4 November, Kota Kinabalu: After a week of field investigations and searching discussions, the 6th Southeast Asian Conference on Human Rights and Agribusiness issued a resolution calling for moratoriums to halt the further hand out of concessions throughout the region. The meeting noted how land conflicts as a result of agribusiness expansion are proliferating and urged a pause in the hand out of licenses while community and indigenous peoples’ land rights are secured.
A new video from handcrafted films made in collaboration with indigenous peoples and Indonesian campaigners exposes the destruction caused by oil palm companies in Indonesian Borneo (West Kalimantan).
Jail is the reward for Momonus and Jamaludin to defend their ancestral lands. For 12 years already these Semunying indigenous territories have been controlled by P.T. In Ledo Lestari. Their dense forest had been turned into a palm oil plantation landscape. Although they have been persecuted and abused in their ancestral land, their fight is not extinguished.
Human rights violations linked to agribusinesses in South East Asia compelled concerned human rights groups to come together at the 5th Regional Meeting on Human Rights and Agribusiness in South East Asia on 5 and 6 November 2015 in Puerto Princesa, on the island of Palawan in the Philippines.
INDONESIA: The Yerisiam Gua, an indigenous people in Nabire district in Indonesian Papua have filed a complaint with the Roundtable on Sustainable Palm Oil against the palm oil developer, PT Nabire Baru.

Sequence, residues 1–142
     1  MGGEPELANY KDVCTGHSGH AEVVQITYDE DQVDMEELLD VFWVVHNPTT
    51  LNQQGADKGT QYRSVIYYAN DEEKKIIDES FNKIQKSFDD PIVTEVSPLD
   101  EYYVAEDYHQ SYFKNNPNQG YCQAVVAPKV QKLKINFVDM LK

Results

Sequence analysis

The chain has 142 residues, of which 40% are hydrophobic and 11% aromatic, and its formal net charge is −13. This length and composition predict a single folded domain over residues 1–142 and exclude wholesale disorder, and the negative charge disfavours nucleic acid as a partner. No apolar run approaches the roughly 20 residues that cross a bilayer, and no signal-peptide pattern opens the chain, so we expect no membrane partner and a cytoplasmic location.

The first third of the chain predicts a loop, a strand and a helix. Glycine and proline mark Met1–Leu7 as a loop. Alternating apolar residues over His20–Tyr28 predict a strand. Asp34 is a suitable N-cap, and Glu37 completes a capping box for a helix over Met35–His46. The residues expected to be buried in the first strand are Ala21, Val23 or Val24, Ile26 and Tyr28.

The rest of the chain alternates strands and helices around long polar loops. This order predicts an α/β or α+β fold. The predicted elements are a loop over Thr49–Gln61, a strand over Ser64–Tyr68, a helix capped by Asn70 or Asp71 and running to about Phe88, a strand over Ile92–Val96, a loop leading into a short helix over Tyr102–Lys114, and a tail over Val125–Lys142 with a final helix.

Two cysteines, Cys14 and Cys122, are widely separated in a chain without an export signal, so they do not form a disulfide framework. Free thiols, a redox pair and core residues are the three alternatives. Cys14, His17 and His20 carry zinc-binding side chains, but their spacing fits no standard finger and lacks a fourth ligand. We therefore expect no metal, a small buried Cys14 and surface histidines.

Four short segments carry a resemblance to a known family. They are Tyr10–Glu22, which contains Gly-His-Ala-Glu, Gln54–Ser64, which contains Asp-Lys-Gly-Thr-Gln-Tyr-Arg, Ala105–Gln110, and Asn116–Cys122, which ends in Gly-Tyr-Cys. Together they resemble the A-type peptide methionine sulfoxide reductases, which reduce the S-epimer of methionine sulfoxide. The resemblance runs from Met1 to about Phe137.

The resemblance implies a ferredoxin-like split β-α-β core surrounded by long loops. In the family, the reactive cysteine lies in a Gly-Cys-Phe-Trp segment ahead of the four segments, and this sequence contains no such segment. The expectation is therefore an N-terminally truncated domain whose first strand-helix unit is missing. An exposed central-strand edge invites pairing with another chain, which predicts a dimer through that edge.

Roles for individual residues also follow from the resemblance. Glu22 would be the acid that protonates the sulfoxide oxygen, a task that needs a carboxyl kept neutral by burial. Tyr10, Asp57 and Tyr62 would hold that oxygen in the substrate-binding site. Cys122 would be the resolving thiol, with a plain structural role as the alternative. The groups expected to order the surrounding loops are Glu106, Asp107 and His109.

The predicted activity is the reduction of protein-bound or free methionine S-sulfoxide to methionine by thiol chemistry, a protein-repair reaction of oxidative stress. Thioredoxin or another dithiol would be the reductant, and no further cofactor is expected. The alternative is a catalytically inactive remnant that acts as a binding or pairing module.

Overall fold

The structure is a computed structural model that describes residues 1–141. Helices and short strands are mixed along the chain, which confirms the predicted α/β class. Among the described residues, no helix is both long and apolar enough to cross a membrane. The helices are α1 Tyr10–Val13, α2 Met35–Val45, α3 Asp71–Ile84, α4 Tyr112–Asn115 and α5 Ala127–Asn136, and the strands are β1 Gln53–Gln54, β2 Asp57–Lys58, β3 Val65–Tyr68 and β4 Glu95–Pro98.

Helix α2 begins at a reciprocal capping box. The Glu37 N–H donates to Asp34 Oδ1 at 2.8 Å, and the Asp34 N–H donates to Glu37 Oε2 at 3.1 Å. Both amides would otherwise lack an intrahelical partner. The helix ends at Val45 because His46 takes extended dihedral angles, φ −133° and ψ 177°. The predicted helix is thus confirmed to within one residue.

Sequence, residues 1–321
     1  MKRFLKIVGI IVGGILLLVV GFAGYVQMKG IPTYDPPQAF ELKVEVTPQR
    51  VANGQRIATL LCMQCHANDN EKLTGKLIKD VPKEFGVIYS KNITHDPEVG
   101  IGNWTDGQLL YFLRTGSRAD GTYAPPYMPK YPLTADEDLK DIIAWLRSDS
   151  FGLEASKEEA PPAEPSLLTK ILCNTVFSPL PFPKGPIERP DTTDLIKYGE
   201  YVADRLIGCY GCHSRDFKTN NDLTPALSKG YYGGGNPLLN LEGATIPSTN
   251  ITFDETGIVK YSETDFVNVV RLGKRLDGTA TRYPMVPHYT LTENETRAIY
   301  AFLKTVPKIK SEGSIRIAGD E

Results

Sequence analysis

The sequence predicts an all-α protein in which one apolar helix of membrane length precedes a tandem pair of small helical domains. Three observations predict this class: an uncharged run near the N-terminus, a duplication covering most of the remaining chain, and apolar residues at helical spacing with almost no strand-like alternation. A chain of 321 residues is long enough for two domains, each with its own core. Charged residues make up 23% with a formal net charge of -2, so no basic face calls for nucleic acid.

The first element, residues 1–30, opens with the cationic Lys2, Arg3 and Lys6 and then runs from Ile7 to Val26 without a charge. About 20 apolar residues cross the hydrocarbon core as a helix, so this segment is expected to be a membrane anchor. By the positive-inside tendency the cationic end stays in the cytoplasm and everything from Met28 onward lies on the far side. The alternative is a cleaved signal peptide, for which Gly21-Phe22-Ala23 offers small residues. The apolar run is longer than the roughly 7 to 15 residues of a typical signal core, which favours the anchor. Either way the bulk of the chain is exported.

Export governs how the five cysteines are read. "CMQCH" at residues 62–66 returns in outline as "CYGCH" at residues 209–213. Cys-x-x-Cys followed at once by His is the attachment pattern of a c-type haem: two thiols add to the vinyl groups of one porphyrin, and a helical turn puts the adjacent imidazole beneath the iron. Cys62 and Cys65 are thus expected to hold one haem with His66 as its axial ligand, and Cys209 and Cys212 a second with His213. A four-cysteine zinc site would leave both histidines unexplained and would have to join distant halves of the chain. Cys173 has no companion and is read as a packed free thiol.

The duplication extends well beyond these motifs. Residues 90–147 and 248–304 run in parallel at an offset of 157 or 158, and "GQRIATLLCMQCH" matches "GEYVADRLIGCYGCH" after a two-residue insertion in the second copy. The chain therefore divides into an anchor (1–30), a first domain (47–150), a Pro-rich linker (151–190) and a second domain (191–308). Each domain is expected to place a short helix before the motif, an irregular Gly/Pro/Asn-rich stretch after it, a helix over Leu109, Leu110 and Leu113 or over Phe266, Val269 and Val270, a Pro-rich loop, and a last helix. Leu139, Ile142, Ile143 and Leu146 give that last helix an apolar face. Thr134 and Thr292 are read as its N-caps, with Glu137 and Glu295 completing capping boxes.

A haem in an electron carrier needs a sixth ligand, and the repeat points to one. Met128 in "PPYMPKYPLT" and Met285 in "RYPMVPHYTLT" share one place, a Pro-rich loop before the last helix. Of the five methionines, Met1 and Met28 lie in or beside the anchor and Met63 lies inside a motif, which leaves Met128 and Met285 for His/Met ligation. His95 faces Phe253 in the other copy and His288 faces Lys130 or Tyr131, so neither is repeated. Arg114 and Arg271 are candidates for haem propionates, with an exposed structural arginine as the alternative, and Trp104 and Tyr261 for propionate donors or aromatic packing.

A startling new report reveals that Asia Pulp and Paper’s massive new paper mill in South Sumatra could experience a substantial shortfall in fibre supply. To make up this shortfall, there is a risk that APP will seek fibre from other sources as happened in the past when the company chewed through natural forests in Riau and Jambi to supply its mills.
Sabah (Malaysia) - The High Court of Sabah just settled a landmark agreement between the indigenous Dusun and Sungai peoples of Tongod District and Genting Plantations. The case, which has dragged on since 1997 and been in the courts since 2002, concerns a large-scale palm oil development on community lands in central Sabah (North Borneo).
In December 2013, following pressure from its customers and investors, the palm oil giant Wilmar committed to delinking its entire supply chain, including joint ventures and third-party suppliers, from deforestation, peatland development, and human rights abuses. The commitment, to be fully implemented by December 2015, was welcomed by groups who had tracked and criticised Wilmar for its environmental destruction and human rights abuses. Two years on however, despite its promises, Wilmar has failed to resolve many long standing conflicts between its operations and impacted communities. The following material looks at a couple of cases where Wilmar has failed to resolve its conflicts with communities.
The Coalition Against Land Grabbing (CALG), Palawan, have released revised versions of three major reports produced mainly through the Ecosystem Alliance Fund. One report focuses on the case of oil palm expansion in Sarong (Municipality of Bataraza), another deals with the conversion of primary upland forest for rubber plantations on the West Coast of Aborlan and the last one concerns organised squatting by migrants into the forest land of indigenous Tagbanua tribes.